Originally published in Interstates’ 35th Anniversary Issue in 2000.
Some 35 years ago, a group of students at the University College of Wales, Aberystwyth, suggested that the newly created Faculty of Economic and Social Studies should publish a magazine. This magazine would cover all the disciplines represented within the Faculty, and act as a journal for the publication of academic papers or delivered speeches.
In the academic year 1965/66 two issues of State were published, but difficulties in coordinating such a venture on an inter-departmental basis resulted in the magazine being given to the Department of International Politics. Thus, in the academic year 1967/68, the first edition of the political journal Interstate appeared. By the late 1960s, Interstate was in full production, with sometimes four or five editions being published in a year; the majority of these contained articles by resident lecturers at Aber and others donated by academics from other institutions. Production was prolific and ambitious. This energy flowed over into the early 1970s, culminating in the publishing of a Special Edition commissioned by the Federal Trust in 1972.
Soon after this, however, Interstate had started to run out of its initial vitality. No issues were published between 1972 and 1975, when production was resumed on the solid basis of two issues per academic year. This standard was carried on up until 1979/80. During this decade the gradual reduction in lecturers’ articles became apparent, with the magazine becoming not just student produced, but mostly student-written as well. Compared to the lively 1960s, when publication was prolific but erratic, the 1970s were more measured and reliable.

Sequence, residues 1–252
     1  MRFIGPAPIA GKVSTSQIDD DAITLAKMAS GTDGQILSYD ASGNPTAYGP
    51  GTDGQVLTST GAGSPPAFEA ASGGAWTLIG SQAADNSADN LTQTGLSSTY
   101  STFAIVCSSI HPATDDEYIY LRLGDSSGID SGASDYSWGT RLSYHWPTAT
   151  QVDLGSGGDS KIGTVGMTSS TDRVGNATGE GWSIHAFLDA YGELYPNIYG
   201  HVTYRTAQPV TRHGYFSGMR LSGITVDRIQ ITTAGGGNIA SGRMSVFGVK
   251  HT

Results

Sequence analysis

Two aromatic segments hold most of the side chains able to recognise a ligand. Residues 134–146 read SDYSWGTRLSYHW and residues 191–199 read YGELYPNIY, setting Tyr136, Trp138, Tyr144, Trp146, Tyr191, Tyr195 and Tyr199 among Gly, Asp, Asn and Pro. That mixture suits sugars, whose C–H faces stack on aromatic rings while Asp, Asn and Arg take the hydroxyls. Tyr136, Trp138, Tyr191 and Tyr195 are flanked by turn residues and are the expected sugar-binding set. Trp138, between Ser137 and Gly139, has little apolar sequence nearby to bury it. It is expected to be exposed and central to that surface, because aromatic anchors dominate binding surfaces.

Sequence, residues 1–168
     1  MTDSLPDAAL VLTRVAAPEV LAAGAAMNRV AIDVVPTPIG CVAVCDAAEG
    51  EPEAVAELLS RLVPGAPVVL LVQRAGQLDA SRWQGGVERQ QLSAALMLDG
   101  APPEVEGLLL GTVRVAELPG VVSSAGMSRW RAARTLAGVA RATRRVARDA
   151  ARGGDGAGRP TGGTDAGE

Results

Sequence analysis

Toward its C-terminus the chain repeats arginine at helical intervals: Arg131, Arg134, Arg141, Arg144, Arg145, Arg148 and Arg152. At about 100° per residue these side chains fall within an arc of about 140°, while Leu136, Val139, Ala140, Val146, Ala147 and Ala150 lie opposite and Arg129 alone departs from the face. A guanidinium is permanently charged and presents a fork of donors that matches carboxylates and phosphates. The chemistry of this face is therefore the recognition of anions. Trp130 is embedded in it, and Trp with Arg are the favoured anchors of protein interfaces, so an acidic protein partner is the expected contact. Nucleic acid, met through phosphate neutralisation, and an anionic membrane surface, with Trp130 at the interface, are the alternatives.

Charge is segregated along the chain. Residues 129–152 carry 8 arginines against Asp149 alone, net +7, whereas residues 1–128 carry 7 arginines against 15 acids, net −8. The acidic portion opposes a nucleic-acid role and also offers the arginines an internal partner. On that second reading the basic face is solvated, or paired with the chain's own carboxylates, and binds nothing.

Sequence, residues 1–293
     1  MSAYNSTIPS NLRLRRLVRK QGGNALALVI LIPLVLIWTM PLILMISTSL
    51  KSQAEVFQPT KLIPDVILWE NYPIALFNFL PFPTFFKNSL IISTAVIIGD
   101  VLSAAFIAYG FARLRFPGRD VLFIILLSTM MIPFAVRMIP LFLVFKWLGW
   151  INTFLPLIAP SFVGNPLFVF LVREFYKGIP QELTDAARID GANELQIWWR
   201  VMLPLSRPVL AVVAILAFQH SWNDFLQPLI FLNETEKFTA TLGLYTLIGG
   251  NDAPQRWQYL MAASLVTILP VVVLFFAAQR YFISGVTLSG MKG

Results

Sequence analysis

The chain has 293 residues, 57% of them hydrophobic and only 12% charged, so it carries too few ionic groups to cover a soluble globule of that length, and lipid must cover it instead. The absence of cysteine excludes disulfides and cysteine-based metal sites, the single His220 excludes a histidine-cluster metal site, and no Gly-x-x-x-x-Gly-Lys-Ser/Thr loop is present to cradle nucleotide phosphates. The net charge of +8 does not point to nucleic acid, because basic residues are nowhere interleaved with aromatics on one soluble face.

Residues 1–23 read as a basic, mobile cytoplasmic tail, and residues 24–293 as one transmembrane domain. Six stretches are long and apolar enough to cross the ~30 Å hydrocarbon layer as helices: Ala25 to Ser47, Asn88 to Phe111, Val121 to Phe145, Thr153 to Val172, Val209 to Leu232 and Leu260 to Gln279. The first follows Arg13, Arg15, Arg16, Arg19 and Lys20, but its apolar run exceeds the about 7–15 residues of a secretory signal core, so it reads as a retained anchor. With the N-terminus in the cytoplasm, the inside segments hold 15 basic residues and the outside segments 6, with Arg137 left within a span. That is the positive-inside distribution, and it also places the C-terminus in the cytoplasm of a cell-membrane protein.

The early 1980s saw rising costs of production which forced Interstate to be published only once per academic year. Following the election of the Thatcher government in 1979, politics for students either swung to the new right or new left. This resulted in a politicization of Interstate and its consequent demise in 1985, with an alliance of Marxists and Welsh Nationalists who controlled the Student’s Union at UCW cutting off the magazine’s grant, and persuading the Department to do the same. In 1988 Interstate was re-born in a new A4 format, having learnt the dangers of student politics. The late 1980s saw a return to the 1970’s standard of two issues per year. This was the magazine’s ‘reformation’.
It was in such an atmosphere that Interstate entered the 1990s. The early nineties were a period of reassessment and growth, with the magazine’s team attempting to revitalize sales. The editorial team fought to keep production going, consequently oscillating between one and two issues per year. Though production was stabilised by 1995, the magazine was threatened with the loss of its relative independence from the Department; discussion of the removal of undergraduate participation with a view to making the magazine into a fully-fledged academic journal continued for the rest of that academic year. No conclusion was reached, but suffice to say, the removal of undergraduate participation, while perhaps increasing the quality and quantity of articles, would have reduced the magazine’s immediate relevance to students, and indeed compromised its ‘by-students-for-students’ status.
In the late nineties changes have been made to the internal layout of the magazine, the front-cover artwork has been modernized, and the magazine is now ‘on-line’. Guest articles by lecturers, Ph.D. students and Masters students are returning. The magazine features more articles concerned with politics as a whole, and fewer essays and highly academic pieces. Despite this though, the magazine continued to teeter on the edge of internal collapse, mainly due to a discontinuity in hand-over between editorial teams and a lack of positive recruitment from what had become an apathetic student body. The editions produced in 1997/1998 were perhaps then, a return to the volume of sales and undergraduate commitment last seen in the late 1980s.
This history of Interstate shows the struggles that the magazine has gone through for the last 35 years, and survived. From the vantage point of 2000, Interstate is alive and kicking, fighting to be relevant.